Tom: Are you a Doper? I used to be, under a different name. I didn't post a whole lot though -- I think blogging is more my style than message boards.
The problem with the "historical" approach is that it's nearly all speculation. The best "history" we have is still the Gospels. There is not one scrap of reliable evidence of the historicity of Jesus outside the Gospel record that would be called verifiable by the scientific method: and so what? I was about 3/4 of the way through one of the Jesus Seminar-spawned volumes, entitled as I remember The Five Gospels, when I received the message--out of "nowhere"--that I was wasting my time. This was a book that purported to rank the sayings of Jesus in the four gospels and Thomas (?) as to which were most likely the "authentic" words of Jesus. The sayings were color-coded accordingly. Authentic to *what*, I ask? No temporally-contingent, secular history is "true" in the way that the eternal message of the Gospel is true.
If you really want a rigorous review of the evidence, I'd suggest John Meier's "A Marginal Jew: Rethinking the Historical Jesus." The first volume, "The Problem and the Person," reviews a lot of the methodological issues that you appear to be interested in. Of course, the three volumes amount to about 2,000 or so pages of text and a fourth volume is in the works. Got a lot of time on your hands?
Personally, I'm not interested in any more reviews of the supposed evidence. There is no evidence specific to Jesus. You can write volumes on stuff such as what a Jew living in the Galilee in the first century probably ate, wore, did for a living; how tall he probably was and how he probably wore his hair and beard, and what color they were. You can speculate on the likelihood that he could read and write, on whether or not he may have been fluent in Greek and influenced by the Stoics. You can debate whether James was his brother, or merely a cousin. You can expostulate on the probable nature of the relationship of his mother to his father, and on whether or not Jesus was probably illegitmate, and how that affected his world view. You can on forever with this kind of speculation, but you will never have written one sentence containing certain knowledge about the individual man that is known to the Gospels as "Jesus". There just are no such facts. If you find the speculation interesting, there is, as you say, plenty of it out there. But that is what you'll get for your efforts: speculation. Nothing more.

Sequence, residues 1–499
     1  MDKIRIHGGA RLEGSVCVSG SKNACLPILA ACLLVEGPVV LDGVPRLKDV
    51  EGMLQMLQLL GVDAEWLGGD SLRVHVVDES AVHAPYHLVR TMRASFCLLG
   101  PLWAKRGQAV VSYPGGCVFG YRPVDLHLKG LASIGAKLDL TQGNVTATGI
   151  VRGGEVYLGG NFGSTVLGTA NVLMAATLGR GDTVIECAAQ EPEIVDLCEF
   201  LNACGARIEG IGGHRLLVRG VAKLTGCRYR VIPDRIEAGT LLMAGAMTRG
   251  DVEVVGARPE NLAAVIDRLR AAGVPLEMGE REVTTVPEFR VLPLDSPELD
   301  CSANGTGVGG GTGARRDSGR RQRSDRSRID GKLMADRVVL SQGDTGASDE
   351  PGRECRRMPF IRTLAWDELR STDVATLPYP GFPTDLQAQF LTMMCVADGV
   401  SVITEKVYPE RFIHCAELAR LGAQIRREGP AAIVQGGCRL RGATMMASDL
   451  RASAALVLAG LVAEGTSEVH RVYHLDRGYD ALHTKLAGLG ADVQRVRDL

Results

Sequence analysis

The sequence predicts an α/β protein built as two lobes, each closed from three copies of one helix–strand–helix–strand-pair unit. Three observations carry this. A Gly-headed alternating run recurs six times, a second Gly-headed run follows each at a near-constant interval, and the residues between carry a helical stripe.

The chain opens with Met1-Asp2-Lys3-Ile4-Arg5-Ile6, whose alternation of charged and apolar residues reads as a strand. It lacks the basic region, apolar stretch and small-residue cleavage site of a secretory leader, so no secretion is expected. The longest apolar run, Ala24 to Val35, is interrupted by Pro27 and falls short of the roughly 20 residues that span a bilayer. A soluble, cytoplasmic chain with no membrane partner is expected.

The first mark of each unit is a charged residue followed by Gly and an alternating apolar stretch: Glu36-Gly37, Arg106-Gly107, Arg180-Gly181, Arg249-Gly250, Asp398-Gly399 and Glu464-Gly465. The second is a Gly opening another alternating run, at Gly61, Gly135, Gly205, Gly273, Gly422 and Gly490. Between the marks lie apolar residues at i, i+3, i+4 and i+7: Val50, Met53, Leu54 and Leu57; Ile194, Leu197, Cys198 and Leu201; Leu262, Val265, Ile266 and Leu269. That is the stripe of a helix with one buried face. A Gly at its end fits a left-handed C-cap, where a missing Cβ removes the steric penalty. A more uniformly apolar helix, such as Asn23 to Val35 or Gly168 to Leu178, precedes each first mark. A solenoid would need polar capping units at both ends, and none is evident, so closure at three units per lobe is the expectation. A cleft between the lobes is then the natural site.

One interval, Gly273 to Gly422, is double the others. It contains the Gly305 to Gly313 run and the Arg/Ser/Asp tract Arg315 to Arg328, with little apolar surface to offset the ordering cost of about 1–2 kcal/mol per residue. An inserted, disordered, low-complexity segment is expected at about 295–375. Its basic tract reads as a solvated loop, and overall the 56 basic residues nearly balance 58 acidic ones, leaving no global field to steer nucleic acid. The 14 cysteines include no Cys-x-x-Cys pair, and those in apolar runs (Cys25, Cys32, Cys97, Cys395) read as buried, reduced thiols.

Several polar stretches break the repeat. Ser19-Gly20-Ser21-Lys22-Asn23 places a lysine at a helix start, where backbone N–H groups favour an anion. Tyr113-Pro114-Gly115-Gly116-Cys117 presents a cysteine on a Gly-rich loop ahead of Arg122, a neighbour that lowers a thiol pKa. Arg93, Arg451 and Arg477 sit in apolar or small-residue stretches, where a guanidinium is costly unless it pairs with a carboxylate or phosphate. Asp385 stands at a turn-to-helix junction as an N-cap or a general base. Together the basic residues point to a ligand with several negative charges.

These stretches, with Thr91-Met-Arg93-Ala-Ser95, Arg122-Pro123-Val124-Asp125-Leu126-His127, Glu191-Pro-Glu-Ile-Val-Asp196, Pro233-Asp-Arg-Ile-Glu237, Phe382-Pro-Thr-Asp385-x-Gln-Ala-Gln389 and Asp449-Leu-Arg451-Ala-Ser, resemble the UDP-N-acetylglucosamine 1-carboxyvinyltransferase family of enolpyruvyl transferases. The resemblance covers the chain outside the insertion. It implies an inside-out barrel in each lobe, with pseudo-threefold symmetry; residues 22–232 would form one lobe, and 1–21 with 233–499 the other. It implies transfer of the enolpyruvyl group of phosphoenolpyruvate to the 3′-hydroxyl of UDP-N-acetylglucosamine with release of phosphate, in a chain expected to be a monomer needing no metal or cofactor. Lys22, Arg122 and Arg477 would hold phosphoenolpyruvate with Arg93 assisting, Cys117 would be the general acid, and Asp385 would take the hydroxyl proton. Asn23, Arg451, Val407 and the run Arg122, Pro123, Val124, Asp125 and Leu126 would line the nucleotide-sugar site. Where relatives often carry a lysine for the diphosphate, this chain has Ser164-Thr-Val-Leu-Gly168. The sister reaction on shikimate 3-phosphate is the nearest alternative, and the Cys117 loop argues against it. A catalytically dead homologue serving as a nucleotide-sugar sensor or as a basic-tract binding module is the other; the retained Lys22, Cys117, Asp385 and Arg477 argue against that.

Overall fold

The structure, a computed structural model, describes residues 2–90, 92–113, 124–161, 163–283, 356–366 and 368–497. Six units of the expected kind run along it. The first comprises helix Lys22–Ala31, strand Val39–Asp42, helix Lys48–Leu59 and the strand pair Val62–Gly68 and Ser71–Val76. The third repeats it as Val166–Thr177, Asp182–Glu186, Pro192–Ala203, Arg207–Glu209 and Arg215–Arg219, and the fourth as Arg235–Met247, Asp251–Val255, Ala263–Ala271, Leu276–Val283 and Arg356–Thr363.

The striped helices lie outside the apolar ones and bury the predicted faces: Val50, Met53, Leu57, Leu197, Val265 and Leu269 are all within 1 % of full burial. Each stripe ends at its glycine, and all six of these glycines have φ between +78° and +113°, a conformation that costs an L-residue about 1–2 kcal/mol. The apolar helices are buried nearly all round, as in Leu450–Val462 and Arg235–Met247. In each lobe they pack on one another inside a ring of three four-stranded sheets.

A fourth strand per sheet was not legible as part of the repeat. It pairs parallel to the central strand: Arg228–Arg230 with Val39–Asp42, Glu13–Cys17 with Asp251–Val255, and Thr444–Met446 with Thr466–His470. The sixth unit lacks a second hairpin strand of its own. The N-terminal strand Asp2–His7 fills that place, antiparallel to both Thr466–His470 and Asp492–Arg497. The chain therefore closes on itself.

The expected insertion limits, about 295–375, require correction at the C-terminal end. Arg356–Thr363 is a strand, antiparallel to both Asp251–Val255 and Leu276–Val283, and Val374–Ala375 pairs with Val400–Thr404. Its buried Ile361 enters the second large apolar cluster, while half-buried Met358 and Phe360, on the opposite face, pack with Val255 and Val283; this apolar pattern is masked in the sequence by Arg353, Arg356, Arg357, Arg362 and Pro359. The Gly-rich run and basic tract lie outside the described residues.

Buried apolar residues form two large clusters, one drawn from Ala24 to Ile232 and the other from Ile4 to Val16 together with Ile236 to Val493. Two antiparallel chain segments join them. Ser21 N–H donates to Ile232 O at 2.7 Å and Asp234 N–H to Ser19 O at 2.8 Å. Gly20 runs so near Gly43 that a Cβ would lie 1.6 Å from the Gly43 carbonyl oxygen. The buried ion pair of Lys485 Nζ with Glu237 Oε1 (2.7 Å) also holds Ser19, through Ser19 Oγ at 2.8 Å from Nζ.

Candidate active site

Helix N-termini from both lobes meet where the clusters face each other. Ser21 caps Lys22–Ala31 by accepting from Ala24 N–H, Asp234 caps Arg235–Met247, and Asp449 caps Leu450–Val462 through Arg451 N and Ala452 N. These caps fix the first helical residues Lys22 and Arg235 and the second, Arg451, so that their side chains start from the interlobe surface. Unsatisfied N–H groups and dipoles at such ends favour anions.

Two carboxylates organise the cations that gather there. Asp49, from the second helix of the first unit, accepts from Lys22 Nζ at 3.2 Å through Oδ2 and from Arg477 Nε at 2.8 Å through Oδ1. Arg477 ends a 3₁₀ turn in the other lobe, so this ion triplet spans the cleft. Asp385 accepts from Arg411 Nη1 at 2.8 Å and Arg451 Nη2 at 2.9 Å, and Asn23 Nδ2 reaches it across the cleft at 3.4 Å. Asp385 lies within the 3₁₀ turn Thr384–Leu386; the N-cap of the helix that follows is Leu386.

As other commenters have noted, it may not be possible to "get to the bottom" of it. But I recommend some work from a very different approach :
"Jesus" by David Flusser. Flusser is a Jewish scholar. I vastly prefer him to Geza Vermes.
"The Birth of the Synoptics" by ???? - drawing a blank. But check it out on Amazon. Written by a French monk/priest who is fluent in Hebrew.
Both posit early Hebrew/Aramaic sub-texts. "Birth" is very provocative but actually much better scholarship than most of the Jesus Seminar. Also, neither book is very long.
Hi! I'd love to know your thoughts, but please read the rules of commenting:
- You must enter a valid email address
- No sock puppets
- No name-calling or obscene language